As for the roundhouse kick - on the street I strike with the toes (always to the legs: not into high kicks). The power comes from the hip, as you pivot on your back foot ( the heel should be pointing at the attacker). In the dojo with bare feet, I strike with the flat part rather than the toes. A low roundhouse kick to the knee will drop any attacker.

Iain.

Aikidoiain
09-11-2004, 03:56 PM
Sorry, I meant Devin - not Jim. Oops!

Iain.

Devin McDowell
09-11-2004, 05:37 PM
Thanks Aikidoiain.

JayRhone
11-14-2004, 05:22 PM
For the bat. Get out of the way!! If that doesn't work, drop. Then put your feet on the lower part of the shin and push. If this doesn't work. Well, they have a bat. No one will think much of it if you simply put your foot into his um... owie part. Again if you want something more technical, rush in. They can't get the effectiveness the bat would have to offer if you are right next to him. Then simply put your foot behind him, grab his shoulder and take him to the ground. This will usually result in him face down. Then you can get away.

You usually try to strike with the top of your foot to the shin. If you have conditioned your shins enough this will not hurt. I have seen guys break bats, bamboo and forearms with their shins. If your shins are not conditioned. Then go for a soft part of the body. Sorry guys. I'm new to akido and have 11 years of MA behind me. It kicks in once and a while. No pun intended. =0)
Jay

Dazzler
11-26-2004, 10:51 AM
Its friday afternoon and time to go home...heres some thoughts for the weekend



All the above are valid counters. The one I've used is to drop to the ground and either apply a low kick to the knee or a recumbant ankle throw. You need to be fast to do this though. It sends the attacker down for you to apply a joint lock of your choice.

Iain.

Not a personal favourite for me since it risks lowering the head to meet the bat in full swing. Ok for glasgie boys but for us softie english a bit risky!

Dojo defence would be to step in using irimi / atemi. Maybe menuchi. Foot movement would be iwama-ryu's second suburi. From here absorb and trap the swinging arms and maybe finish with tenchi nage...anyones choice on how you finish from here. As has been pointed out..its a pretty poor attack.

More street based work would be to employ same entering foot movement but a more circular atemi in the form of a fine slap across the ear hole. Locate the eye socket with the thumb once youve landed the atemi and the head is yours. From here a rising knee or shin to the groin is fun for tori and as ukes head lowers grab both ears, twist the head and take him to floor. Strike at will pretty much from here. Or walk away.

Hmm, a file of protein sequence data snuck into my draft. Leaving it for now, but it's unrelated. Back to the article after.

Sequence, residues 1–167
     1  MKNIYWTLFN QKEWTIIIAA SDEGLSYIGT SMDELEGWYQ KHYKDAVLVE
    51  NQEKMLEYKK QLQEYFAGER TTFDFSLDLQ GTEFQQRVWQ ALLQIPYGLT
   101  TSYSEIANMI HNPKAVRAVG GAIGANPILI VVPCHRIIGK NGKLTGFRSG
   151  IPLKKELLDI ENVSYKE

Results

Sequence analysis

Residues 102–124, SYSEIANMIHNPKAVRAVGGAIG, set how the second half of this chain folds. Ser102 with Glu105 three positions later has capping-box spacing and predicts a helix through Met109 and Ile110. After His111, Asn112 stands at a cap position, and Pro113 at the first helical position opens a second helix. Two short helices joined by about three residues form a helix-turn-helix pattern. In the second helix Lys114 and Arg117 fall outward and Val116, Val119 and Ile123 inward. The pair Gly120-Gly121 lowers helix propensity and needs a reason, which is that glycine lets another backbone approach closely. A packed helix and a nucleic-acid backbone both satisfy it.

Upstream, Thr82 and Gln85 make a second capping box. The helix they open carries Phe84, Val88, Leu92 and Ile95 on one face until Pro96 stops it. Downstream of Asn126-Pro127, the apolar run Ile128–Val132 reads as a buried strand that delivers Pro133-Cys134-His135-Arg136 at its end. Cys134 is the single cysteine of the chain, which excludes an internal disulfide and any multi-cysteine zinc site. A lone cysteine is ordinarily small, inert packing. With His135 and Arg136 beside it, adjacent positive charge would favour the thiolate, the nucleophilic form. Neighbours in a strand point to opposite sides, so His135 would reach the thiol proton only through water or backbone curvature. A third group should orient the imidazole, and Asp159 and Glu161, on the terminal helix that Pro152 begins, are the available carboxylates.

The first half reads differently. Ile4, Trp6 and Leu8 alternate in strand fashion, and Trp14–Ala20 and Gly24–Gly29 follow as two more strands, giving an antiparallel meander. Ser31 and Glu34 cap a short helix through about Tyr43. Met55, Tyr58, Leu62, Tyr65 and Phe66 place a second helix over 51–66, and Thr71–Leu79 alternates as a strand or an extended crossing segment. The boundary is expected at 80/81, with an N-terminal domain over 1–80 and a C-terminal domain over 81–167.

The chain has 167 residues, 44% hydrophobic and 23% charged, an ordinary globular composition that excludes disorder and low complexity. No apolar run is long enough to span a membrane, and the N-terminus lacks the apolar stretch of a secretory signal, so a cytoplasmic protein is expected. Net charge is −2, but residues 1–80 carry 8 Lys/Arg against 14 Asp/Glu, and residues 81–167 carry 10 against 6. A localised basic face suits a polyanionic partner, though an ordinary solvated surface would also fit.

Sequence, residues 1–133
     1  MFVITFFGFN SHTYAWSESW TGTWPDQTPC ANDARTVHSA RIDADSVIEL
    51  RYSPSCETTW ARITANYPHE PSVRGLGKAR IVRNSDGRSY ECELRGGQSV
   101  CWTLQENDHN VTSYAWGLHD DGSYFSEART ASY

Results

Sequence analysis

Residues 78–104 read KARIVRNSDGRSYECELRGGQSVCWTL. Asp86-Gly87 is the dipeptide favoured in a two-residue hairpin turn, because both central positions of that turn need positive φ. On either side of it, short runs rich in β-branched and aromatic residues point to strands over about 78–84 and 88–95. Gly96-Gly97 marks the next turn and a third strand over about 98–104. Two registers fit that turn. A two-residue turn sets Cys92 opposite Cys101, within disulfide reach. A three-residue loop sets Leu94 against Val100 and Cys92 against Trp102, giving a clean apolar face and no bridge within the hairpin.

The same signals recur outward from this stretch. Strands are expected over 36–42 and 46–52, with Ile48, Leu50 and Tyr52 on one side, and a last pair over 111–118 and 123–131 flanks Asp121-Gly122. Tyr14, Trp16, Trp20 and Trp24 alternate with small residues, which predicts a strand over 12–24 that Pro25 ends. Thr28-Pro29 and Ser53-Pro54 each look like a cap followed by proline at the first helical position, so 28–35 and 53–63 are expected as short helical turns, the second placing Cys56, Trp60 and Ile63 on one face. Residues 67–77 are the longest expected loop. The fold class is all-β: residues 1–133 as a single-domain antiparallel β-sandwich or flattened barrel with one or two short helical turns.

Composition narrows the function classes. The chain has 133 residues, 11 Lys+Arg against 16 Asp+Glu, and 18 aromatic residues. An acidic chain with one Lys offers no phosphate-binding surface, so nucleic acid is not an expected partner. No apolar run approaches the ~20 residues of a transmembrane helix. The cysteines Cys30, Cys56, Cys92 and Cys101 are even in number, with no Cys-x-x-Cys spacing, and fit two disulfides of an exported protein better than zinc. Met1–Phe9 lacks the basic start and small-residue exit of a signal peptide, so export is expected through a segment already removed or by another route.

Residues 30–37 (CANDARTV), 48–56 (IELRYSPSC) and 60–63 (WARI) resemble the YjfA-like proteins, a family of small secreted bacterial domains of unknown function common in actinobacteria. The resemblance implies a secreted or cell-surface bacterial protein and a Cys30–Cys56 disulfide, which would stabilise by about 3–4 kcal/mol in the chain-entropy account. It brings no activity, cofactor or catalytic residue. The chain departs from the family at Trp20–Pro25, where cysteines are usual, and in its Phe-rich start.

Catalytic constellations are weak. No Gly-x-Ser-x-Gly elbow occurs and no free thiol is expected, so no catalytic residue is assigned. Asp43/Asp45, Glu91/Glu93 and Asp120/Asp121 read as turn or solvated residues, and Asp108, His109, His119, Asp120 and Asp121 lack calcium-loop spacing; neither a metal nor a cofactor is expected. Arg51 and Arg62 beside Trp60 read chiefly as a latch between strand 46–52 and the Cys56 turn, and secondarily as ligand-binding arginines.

As for the roundhouse kick - on the street I strike with the toes (always to the legs: not into high kicks). The power comes from the hip, as you pivot on your back foot ( the heel should be pointing at the attacker). In the dojo with bare feet, I strike with the flat part rather than the toes. A low roundhouse kick to the knee will drop any attacker.

Iain.

I think in the street I'd be wearing shoes but a front snap kick against the circular round house would suit me here. Target knees or nads depending on size (of the opponent not the nads :) ) If I've not got much time training instinct would kick in and I'd enter down the centre line maybe a straightforward strike to the head to send the assailant to the floor while he has 1 foot on the ground.

Really its tenchi nage again or maybe kokyuho.

Either way the move takes me inside the kick where its much less dangerous. If the kicker is still hanging around and not down then an inner hock combined with a palm heel to the jaw should change things a bit.

Once he's down its a choice thing on how you ensure he stays there (or she...).

As I say...a friday post. ;) just thinking out loud on the scenario.

Have a nice safe weekend everyone.

D